Enhanced Fe0-oxidation to Fe2+ by Baltic Sea acetogens and methanogens
Fe0 corrosion was assessed using ferrous iron (Fe2+) accumulation as a proxy for corrosion (Fig. 2a, b), as done before, particularly in studies documenting corrosion by methanogens [13,14,15, 58, 59].
In our incubations, the corrosive microbial community started Fe0-oxidation to Fe2+ immediately and persisted for circa 25 days (Fig. 2a). The presence of cells led to a tripling of the Fe2+ yield per day (44.7 ± 4.6 µM/day) compared to the background Fe2+ yield observed in abiotic controls (16.9 ± 10 µM/day) (Fig. 2b). The daily increase of Fe2+ in the presence of a Baltic-community indicates that the community was more corrosive than abiotic controls.
Fe0-corrosion under non-sulfidic, carbonate-rich conditions in the absence of electron acceptors other than CO2 can be attributed to two possible metabolisms: Fe0-dependent methanogenesis or Fe0-dependent acetogenesis. Theoretically, Fe0-dependent methanogenesis is energetically more favorable than Fe0-dependent acetogenesis, but both are energetically more favorable than abiotic Fe0-dissolution (Table 1). Therefore, to better understand the interplay between acetogens and methanogens within the corrosive microbial community we (1) monitored product evolution and (2) inhibited various metabolic groups in order to determine the corrosive potential of each surviving group.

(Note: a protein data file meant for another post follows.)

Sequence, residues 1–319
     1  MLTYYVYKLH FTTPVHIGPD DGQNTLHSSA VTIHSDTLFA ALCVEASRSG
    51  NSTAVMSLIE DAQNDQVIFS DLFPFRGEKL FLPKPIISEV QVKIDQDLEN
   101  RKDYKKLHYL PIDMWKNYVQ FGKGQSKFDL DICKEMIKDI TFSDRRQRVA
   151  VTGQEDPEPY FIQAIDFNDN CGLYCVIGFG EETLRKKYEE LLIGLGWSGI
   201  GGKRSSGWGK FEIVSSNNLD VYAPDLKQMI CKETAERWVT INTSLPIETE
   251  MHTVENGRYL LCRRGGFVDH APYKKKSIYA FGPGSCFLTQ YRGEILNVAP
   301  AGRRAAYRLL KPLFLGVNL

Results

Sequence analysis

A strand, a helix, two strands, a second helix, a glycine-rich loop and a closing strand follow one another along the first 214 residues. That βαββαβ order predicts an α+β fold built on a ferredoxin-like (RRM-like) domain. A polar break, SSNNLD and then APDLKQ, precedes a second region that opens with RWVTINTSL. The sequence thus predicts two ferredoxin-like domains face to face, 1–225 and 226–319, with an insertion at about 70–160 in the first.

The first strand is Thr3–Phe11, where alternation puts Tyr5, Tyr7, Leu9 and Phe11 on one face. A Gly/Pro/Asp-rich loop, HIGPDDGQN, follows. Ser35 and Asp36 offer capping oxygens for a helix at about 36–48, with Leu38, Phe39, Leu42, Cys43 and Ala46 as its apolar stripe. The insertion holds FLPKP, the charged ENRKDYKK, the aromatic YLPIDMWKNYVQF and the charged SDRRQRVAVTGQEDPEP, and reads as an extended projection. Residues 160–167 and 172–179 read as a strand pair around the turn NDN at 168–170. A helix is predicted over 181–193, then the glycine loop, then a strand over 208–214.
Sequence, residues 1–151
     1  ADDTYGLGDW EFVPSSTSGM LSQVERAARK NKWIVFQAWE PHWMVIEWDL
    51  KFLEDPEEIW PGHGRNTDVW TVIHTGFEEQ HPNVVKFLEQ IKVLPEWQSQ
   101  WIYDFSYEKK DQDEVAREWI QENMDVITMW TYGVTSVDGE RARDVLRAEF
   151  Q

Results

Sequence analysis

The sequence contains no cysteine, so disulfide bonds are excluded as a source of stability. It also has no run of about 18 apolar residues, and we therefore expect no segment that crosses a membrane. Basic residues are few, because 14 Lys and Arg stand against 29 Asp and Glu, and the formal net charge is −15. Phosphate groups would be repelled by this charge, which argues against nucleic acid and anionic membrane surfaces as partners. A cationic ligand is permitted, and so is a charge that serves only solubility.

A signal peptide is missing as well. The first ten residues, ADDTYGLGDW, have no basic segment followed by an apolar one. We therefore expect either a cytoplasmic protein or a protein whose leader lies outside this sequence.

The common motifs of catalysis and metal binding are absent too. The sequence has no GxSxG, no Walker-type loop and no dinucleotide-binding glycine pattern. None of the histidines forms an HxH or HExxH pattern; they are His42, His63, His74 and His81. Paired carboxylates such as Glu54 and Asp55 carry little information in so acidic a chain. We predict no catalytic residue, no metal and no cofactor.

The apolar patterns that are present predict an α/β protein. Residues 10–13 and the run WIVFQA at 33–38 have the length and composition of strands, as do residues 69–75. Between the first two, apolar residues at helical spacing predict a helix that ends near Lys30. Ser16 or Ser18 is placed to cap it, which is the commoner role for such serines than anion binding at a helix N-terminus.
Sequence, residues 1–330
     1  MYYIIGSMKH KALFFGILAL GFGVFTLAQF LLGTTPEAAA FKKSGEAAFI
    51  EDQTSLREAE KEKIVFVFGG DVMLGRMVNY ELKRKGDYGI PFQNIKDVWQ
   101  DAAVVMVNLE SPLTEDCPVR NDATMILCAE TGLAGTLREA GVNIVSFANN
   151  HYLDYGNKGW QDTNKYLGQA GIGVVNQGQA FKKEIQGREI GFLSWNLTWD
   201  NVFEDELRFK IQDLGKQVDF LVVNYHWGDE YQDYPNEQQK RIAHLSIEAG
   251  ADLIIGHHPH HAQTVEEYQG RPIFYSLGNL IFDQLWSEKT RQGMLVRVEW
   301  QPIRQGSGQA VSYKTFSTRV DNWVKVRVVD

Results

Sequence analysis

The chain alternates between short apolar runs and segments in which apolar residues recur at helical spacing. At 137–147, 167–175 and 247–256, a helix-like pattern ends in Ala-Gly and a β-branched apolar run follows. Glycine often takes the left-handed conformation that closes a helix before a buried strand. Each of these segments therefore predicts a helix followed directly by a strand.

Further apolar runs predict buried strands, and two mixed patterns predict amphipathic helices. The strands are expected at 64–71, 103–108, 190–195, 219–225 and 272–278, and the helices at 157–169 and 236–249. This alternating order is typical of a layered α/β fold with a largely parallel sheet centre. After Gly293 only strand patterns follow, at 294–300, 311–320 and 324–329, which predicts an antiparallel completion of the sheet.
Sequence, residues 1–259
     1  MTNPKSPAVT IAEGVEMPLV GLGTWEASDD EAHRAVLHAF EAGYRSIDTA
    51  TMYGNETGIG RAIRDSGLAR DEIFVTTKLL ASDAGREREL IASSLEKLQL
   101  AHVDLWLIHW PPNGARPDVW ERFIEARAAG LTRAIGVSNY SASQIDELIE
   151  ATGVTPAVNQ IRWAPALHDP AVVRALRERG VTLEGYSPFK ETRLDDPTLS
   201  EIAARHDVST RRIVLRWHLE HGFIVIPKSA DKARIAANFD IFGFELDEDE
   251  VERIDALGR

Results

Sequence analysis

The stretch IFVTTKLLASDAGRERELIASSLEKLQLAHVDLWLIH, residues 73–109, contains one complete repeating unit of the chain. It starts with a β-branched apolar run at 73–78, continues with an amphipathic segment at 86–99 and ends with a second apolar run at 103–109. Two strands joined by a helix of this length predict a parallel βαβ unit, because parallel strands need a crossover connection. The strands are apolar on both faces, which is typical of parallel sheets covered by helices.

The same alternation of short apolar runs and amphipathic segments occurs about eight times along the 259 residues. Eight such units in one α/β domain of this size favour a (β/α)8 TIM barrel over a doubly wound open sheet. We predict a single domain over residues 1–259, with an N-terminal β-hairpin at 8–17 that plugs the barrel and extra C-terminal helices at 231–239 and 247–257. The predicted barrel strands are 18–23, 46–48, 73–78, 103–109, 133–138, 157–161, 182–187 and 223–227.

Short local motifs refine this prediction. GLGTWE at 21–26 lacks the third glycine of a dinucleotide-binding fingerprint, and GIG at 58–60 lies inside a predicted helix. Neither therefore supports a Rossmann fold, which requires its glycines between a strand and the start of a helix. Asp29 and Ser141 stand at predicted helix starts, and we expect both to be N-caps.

Electron recoveries from Fe0
After eight transfers on Fe0-containing medium, the Baltic Sea corrosive enrichment cultures exhibited a quick Fe0-dependent acetogenic phase (days 5–10) followed by a slow methanogenic phase (days 10–25) (Fig. 2d). During the acetogenic phase, acetogens were able to convert 2.2 ± 0.1 mM/day electron equivalents from Fe0 to form acetate (Fig. 2d). As soon as the acetogenic phase stopped, the methanogenic-phase began, and methanogens recuperated 0.2 ± 0.05 mM electron equivalents from Fe0 into methane daily. After 25 days, the community routed more electrons into acetate than into methane (Fig. 2d). Thus, it appears that acetogens outcompeted methanogens for access to electrons from Fe0.